Ethics and Economic Affairs

Ethics and Economic Affairs

Ethics and Economic Affairs

Ethics and Economic Affairs


There has been a remarkable growth of interest in the ethical dimension of economic affairs. Whilst the interest in business ethics has been long-standing, it has been given renewed emphasis by high profile scandals in the world of business and finance. At the same time many economists, dissatisfied with the discipline's emphasis on self-interest and individualism, and by the asocial nature of much economic theory, have sought to enlarge the scope of economics by looking at ethical questions.
In this volume a group of interdisciplinary scholars provide contributions which include evaluations of work in business ethics, empirical studies of such issues as social and ethical investing, the place of ethics in the new economics and perspectives from other disciplines.


Philip Stone’s chapter refers to South Africa before the May 1994 election.

The book is organized in four parts, namely ‘ Business Ethics and Management ’; ‘ Case, Questionnaire and Experimental Studies ’; ‘ a New Economics? ’ and finally ‘ Interdisciplinary Perspectives ’. Most of the papers first saw the light of day in earlier versions presented at the joint International Association of Researchers in Economic Psychology (IAREP) and the Society for the Advancement of Socio-economics (SASE) conference at the Stockholm School of Economics in June 1991.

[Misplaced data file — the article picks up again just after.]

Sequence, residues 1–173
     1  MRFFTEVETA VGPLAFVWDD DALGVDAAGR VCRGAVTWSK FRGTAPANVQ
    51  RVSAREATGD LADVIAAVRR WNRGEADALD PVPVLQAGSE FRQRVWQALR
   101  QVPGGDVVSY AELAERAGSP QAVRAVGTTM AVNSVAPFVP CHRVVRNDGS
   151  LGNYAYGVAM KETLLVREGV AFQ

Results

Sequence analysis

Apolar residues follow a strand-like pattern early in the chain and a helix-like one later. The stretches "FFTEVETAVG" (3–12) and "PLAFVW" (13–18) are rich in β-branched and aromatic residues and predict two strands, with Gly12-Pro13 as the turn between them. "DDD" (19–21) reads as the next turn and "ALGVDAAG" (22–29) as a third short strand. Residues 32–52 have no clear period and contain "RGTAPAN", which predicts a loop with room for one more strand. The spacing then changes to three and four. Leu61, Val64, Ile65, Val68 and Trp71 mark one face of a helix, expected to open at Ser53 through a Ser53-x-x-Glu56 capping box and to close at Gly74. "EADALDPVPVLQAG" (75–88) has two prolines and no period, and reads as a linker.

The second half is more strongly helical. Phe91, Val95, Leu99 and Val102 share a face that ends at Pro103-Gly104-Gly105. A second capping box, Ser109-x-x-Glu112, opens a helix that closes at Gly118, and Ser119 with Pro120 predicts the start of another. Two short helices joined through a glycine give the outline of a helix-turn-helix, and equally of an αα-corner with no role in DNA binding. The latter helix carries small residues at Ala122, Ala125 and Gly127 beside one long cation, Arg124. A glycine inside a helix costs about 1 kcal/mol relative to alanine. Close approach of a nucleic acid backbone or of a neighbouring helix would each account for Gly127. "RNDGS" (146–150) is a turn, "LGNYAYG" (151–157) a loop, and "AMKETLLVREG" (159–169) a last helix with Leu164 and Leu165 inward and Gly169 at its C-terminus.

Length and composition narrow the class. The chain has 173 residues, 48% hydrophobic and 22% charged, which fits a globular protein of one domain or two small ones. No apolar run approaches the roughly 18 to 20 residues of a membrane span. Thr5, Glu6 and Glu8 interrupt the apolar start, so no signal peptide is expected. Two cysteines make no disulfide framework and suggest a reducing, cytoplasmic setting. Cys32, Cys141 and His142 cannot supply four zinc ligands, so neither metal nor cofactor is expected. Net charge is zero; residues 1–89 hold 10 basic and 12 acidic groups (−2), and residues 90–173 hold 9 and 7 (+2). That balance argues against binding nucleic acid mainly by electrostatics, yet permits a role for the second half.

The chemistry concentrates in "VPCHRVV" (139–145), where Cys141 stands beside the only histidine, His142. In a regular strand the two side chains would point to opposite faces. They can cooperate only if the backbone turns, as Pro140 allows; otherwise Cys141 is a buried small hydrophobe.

part I: business ethics and management

The first part is of particular interest to students, researchers and teachers of business administration and management. the questions posed are also relevant to practising managers faced with ethical dilemmas and decisions. Philip Stone starts the ball rolling in ‘Exit or Voice? Lessons from Companies in South Africa’. Using Hirschman’s tripartite litany Stone enquires what multinational companies should have done in South Africa. Should they have ceased trading in South Africa: ‘exited?’ Should they have ‘voiced’ their disapproval? Or continued their ‘loyalty’ to the company and hoped things would improve? Lynne Rosansky deals with similar issues in her contribution ‘Moral and Ethical Dimensions of Managing a Multinational Business’. Should multinationals adapt themselves to the culture they are dealing with or impose their own? When is a bribe not a bribe? Gifts after all may be a cultural expectation. At the extremes it is a choice between moral relativism and moral imperialism. Richard Guerrette in his paper ‘Management by Ethics: a New Paradigm and Model for Corporate Ethics’ provides some specific advice for managers. How, Guerrette asks, can a ‘corporate conscience’ be brought about? Guerrette’s answer relies heavily on social and developmental psychology, especially the insights of Lawrence Kohlberg. the next paper by Claes Gustafsson entitled ‘Moralization as a Link between Idealism and Naturalism in the Ethical Discourse’ adds a more philosophical flavour to the continuing study of business ethics and moral development. One of the most interesting questions is, are business managers less

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